How to Handle the Heebie-Jeebies

Musicians’ Assistance Program

Volume CIV, No. 9September, 2004

Leslie Cardell, CSW

You’re sitting in the green room, and in a few minutes you’ll have to get up, go onstage, and begin the performance. You’re wondering, “Should I go to the bathroom one more time?” You can feel your heart rate picking up, your palms are getting sweaty, and your mouth is dry. There’s a manager out in the audience tonight you had hoped to impress. You feel quite certain now: you’re going to make a complete fool of yourself.

Stage fright, the jitters, butterflies, or the colly wobbles — no matter what you call it, performance anxiety can be an unpleasant, even disturbing experience.

A lot goes into making performing such a stressful activity. There’s the intense competition for work, perhaps a desire to hit every note perfectly, the knowledge that your peers, critics, the audience (including, perhaps, your mother) may be observing your performance with a critical eye. Who wouldn’t feel anxious?

And on top of it all, musicians need exquisite control over the very processes that can be most affected by anxiety (muscle coordination, memory and concentration).


Some anxiety goes with the territory; it’s a normal, even necessary part of performing. We’re anxious because we care. Anxiety can motivate us to do our best, and it gives a performance that edge that makes it exciting. Too much anxiety however, can be quite debilitating.

You’re probably familiar with the “flight or fight” reaction by now. Under stress, our bodies are designed to either fight or flee. In a real emergency that can be a great thing. The increased blood flow to the large muscles of the body can help that mother we’ve all heard stories about lift the car off her child. The cold hands and decreased tactile sensitivity, however, aren’t so good for tricky instrumental fingering.

You may have developed your own methods of coping with performance anxiety. Have you ever wondered what you’re doing to make it worse? Sometimes what we say to ourselves about the anxiety we’re feeling only exacerbates it. Do you start telling yourself, “I’m not up to this,” or worse yet, “I’ll never be hired again.” Perhaps you’ve set unrealistically high standards for yourself. Performing is difficult, mistakes are to be expected, they’re the rule, not the exception.

One technique that can be helpful in coping with anxiety is to look at how you can begin to exchange negative thoughts and behaviors for more positive ones. For example, if you become aware of thinking, “I’m feeling really anxious about tonight,” try translating that to “I’m feeling really excited about tonight.” The experiences of anxiety and excitement have a lot of similarities, and sometimes we confuse the two.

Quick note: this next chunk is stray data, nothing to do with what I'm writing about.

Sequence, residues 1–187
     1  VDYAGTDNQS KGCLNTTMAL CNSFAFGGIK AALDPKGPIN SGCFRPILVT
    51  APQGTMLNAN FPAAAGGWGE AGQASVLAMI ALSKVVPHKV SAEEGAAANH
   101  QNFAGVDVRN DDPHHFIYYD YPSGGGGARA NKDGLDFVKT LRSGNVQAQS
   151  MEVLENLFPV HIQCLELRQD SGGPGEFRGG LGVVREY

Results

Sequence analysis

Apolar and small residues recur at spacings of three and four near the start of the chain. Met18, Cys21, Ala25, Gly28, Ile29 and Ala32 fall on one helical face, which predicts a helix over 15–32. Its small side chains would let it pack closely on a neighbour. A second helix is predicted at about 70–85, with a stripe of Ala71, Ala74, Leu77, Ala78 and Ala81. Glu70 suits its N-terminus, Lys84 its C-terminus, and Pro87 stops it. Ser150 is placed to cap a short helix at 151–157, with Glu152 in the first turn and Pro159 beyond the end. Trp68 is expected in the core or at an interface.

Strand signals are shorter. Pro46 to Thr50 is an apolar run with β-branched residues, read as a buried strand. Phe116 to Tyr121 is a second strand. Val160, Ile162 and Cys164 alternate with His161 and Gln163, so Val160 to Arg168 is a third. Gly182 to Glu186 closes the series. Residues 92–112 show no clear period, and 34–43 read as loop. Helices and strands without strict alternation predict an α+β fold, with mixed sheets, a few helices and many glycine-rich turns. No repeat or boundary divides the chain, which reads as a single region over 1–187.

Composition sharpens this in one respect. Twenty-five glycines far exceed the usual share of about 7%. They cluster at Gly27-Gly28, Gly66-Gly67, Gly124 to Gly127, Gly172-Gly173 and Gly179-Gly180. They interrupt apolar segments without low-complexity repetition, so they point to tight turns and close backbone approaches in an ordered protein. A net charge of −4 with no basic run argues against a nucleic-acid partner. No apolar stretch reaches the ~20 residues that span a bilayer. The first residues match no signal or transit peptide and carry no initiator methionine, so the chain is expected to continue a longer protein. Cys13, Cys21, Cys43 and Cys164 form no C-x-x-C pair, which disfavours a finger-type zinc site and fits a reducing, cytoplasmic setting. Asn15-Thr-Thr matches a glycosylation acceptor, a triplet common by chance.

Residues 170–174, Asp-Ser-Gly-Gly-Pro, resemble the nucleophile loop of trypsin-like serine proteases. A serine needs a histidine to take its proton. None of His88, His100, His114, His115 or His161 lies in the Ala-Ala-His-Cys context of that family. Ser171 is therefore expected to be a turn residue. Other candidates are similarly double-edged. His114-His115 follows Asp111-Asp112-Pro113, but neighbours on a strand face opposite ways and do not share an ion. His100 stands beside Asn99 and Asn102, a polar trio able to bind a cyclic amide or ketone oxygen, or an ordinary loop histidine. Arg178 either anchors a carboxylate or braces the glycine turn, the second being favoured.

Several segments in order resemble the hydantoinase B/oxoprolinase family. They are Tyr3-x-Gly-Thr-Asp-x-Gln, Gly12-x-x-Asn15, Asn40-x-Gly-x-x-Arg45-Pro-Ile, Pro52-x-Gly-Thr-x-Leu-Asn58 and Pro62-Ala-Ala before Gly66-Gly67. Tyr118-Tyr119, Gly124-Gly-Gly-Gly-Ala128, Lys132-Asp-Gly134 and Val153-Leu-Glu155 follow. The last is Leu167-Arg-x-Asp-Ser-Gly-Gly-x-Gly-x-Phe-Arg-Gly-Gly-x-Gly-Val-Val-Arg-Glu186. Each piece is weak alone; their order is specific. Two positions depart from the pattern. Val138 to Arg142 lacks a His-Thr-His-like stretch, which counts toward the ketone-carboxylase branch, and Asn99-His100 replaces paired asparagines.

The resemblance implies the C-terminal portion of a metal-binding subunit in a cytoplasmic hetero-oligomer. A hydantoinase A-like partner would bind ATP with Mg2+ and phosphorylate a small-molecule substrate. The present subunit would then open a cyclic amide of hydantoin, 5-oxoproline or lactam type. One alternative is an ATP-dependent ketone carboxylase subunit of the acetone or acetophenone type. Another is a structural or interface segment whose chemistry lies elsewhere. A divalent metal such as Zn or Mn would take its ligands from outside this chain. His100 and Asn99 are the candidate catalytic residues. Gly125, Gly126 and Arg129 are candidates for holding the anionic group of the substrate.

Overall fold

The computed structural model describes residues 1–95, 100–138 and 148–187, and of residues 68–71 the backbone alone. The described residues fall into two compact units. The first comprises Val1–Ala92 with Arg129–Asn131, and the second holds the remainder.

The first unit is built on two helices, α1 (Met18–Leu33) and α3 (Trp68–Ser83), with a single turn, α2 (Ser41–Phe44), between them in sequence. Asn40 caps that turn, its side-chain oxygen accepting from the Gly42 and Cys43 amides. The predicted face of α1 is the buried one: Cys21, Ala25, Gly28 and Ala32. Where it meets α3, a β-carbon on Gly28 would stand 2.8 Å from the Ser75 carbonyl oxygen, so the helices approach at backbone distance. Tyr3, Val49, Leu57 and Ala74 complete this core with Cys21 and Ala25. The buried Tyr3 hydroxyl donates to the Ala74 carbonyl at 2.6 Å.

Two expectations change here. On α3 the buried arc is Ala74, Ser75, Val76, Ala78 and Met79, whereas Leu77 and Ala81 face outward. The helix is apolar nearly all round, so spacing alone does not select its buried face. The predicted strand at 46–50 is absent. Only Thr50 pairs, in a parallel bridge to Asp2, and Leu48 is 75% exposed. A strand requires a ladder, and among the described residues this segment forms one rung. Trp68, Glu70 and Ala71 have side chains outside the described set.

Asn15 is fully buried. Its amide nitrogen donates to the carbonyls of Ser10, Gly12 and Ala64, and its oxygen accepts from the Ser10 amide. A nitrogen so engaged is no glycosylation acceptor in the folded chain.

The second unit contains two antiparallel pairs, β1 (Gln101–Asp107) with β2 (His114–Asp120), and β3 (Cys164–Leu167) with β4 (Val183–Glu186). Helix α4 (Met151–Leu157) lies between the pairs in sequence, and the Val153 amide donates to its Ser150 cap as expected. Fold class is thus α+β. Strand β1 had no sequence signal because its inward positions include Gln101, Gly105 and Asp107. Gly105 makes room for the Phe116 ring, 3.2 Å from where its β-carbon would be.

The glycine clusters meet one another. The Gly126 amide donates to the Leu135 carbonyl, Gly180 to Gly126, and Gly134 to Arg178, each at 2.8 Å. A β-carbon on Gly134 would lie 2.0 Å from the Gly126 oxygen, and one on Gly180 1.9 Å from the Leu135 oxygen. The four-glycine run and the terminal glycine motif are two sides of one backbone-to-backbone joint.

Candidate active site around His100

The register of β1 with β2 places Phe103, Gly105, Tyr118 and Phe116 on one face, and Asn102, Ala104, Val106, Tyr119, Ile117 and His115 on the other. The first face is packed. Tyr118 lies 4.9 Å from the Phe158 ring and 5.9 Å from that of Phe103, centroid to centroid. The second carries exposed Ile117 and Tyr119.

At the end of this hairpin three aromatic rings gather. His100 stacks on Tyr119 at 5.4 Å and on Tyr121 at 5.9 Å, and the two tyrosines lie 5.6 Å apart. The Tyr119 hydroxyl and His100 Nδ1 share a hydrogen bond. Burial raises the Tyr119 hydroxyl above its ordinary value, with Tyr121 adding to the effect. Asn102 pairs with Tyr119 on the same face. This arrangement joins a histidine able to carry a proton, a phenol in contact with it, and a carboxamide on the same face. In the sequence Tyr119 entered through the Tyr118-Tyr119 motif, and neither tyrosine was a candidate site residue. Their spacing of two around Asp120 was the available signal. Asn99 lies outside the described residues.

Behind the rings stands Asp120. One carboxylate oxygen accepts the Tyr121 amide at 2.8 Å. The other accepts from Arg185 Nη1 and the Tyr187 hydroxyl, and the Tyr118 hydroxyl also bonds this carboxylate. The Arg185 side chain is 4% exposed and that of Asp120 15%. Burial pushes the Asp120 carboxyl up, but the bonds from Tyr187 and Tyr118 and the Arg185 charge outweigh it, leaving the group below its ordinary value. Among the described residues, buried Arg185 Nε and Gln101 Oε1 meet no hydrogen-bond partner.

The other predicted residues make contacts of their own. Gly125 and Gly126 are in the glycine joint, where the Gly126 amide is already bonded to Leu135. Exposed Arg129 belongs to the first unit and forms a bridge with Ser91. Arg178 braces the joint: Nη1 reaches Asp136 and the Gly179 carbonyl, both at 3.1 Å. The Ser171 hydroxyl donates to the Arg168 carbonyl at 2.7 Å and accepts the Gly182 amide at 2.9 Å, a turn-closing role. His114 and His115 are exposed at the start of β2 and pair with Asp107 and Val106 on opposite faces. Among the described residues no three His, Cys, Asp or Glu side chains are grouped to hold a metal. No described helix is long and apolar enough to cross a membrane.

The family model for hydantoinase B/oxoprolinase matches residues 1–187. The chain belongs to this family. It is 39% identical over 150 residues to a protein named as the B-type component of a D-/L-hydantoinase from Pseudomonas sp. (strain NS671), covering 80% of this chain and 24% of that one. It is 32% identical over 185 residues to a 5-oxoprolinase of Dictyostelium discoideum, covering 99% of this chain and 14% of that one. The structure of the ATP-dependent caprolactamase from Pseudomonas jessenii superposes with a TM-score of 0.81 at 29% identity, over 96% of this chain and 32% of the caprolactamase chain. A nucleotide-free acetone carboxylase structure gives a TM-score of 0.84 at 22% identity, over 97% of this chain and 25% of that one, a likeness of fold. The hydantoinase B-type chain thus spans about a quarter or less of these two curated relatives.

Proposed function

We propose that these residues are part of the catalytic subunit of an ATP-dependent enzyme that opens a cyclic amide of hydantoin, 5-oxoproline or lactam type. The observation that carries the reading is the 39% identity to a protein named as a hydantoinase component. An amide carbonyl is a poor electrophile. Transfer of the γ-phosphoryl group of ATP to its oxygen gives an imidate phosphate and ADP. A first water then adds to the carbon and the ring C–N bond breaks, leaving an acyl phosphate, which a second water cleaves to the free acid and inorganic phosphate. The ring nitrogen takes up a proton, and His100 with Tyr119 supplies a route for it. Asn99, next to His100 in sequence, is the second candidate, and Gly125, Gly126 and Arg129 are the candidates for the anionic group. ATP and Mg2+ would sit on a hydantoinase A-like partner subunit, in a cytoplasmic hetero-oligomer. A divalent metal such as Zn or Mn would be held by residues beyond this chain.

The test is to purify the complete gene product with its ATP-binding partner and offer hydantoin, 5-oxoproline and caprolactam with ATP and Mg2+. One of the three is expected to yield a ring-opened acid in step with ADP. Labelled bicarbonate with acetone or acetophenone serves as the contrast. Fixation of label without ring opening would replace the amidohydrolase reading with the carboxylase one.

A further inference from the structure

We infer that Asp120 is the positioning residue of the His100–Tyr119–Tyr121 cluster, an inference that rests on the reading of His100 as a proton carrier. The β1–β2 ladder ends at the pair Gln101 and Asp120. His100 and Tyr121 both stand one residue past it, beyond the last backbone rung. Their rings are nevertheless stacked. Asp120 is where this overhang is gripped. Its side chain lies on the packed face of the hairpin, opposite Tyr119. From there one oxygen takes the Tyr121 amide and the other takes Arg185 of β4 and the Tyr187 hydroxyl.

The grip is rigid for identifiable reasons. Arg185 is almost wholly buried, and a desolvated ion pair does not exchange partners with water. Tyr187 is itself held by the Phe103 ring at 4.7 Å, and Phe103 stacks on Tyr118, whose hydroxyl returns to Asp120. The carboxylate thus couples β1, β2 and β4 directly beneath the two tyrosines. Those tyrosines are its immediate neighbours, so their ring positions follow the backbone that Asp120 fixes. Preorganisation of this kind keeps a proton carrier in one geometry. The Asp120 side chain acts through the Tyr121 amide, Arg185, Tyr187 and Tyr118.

Remind yourself that your performance doesn’t have to be perfect. And remember, the audience wants you to succeed; they’ve come to have a good time. Do confront your anxiety; avoiding it will only make it worse. Perform as often as you can. You may crash and burn on occasion, but even if you do, you’ll discover that you survive. Look for opportunities to give yourself successful experiences — a low-key performance of a favorite piece with friends.

Another strategy that can be helpful is to develop a relaxation ritual as a way of grounding and centering yourself before a performance. Practice physical relaxation, breathing and meditation techniques. A regular routine that involves a mental and physical warm-up can be reassuring in its familiarity, and helps you to enter a creative frame of mind.


Here’s a simple technique to try the next time you start feeling tense. First — just smile. Next, take two very slow, very deep breaths (in through your nose, and out through your mouth). Finally, tell yourself, “Keep my body out of this.” When you smile you’re changing the facial tension that can result from anxiety.

Altering the pattern of muscle tension in your face can actually have an effect on the emotions you’re feeling. The deep breaths have an effect on your cardiovascular system, and can lower your state of physiological arousal. Telling yourself to “Keep my body out of this” helps to put the situation into better perspective.

When I was still acting, I had a number of strategies for dealing with my own performance anxiety. One of them was to visualize a beautifully wrapped, carefully selected gift in the palm of my outstretched hand. As I stood back stage, I would imagine offering this gift to the audience, knowing that whether or not they chose to accept it was beyond my control. All I could do was make the offer; the rest was up to them.

The MAP office will be offering an eight-week group on Mondays beginning in mid-October to explore the issues discussed in this article. If you’d like to learn more about what triggers your own performance anxiety, and get some new ideas of how to cope with it, call the Musicians’ Assistance Program at (212) 397-4802.